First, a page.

Till now, we haven't even discussed McCain's stance on more direct prolife issues: that's because, here again, he represents a sad continuation of W. Bush's wrong direction. When W. ran for president, he was in favor of abortion in "rare" cases--a position that cannot be maintained in any principled or even rational way. If it's wrong to kill an unborn child, the parentage of the child makes no difference. That position at the time represented a significant departure from what had been prolife "orthodoxy"--the prolife movement had successfully gotten Reagan and yes, even Bush I, to take a 100% position (and Bush I, despite many other sellouts, never went south on his prolife promise). But Bush II was allowed to sell out partially, because..."he's the best we can get." Now that's no longer even recognized as a sellout; and the fact that he actually opened the door to embryonic baby-destroying research is overlooked, as is the fact that his vaunted prolife record is a record of nice words but doing the bare minimum--all while he had something no other supposedly prolife president did: a Congress under allied leadership. "Because it's all about the Supreme Court!"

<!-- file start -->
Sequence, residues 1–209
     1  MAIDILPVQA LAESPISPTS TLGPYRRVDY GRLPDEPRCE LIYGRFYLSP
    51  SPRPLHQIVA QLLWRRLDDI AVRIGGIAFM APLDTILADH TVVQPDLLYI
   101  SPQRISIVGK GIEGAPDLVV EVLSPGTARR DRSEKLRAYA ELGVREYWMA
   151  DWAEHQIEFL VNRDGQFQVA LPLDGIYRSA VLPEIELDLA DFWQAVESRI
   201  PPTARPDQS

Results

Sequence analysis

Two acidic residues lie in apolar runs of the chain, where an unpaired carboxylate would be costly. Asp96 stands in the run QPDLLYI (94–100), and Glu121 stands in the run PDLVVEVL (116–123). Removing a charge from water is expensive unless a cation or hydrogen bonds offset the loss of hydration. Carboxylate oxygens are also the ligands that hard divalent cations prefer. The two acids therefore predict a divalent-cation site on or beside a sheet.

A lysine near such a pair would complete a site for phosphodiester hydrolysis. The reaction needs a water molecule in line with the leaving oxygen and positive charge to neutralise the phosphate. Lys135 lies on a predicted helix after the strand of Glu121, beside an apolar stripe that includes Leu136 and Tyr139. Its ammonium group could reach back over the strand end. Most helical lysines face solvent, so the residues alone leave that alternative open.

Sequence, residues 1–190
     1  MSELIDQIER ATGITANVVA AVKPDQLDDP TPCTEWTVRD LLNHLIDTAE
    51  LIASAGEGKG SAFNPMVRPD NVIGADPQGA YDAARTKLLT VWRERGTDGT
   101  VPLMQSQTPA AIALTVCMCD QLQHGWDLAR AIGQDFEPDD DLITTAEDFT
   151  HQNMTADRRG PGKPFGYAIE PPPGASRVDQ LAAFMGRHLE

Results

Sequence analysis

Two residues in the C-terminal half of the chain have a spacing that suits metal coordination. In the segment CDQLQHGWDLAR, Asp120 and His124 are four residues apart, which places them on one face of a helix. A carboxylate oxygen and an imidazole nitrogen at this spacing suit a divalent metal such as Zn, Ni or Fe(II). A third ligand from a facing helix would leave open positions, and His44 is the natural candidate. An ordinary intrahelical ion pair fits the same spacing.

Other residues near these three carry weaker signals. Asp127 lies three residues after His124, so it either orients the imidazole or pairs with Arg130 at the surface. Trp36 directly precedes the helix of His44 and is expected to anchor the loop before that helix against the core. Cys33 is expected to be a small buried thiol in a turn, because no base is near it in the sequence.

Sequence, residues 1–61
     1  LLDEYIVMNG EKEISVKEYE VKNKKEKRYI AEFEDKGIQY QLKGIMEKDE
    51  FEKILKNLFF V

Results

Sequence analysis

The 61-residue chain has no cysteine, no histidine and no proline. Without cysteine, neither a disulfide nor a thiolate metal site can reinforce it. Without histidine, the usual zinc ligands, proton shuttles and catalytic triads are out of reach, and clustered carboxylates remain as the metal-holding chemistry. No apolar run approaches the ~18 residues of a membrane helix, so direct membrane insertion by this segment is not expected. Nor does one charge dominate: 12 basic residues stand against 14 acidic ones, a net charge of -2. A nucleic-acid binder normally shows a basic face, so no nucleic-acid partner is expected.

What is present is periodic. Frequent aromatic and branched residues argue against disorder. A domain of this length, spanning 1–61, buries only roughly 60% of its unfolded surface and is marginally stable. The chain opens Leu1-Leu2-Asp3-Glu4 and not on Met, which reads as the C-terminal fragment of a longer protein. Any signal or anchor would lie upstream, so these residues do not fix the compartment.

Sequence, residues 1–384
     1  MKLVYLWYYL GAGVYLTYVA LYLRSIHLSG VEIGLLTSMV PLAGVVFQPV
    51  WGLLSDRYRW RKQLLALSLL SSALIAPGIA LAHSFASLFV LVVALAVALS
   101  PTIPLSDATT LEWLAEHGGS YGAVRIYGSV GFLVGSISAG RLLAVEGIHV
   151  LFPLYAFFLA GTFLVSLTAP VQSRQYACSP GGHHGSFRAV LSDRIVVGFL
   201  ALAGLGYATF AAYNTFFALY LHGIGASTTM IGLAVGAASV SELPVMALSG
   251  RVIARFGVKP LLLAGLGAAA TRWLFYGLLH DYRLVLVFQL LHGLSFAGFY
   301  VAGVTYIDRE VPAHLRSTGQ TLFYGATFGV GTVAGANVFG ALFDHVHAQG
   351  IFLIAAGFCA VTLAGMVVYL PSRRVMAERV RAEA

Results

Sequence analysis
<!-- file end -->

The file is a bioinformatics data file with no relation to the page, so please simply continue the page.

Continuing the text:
McCain has repeatedly voted for tax-funded baby-destroying "research." Yes, Obama and Clinton will be "worse" on many other prolife issues, but with the exception of tax funding for abortions (which a GOP Congress can prevent, and did under Clinton), this is the issue that is most likely to come to the next president in the form of legislation. There's not a doubt in my mind that if McCain is president, he'll work to prevent any really good legislation from coming to a vote, because that's just what he always did as a Senator. And given where we stand with Roe, and given the dim hopes McCain will make any difference there, except for the worse, there's not much the pro-aborts can do, realistically, to make things worse. The main front will be "research"--where McCain is as bad as the Democrats.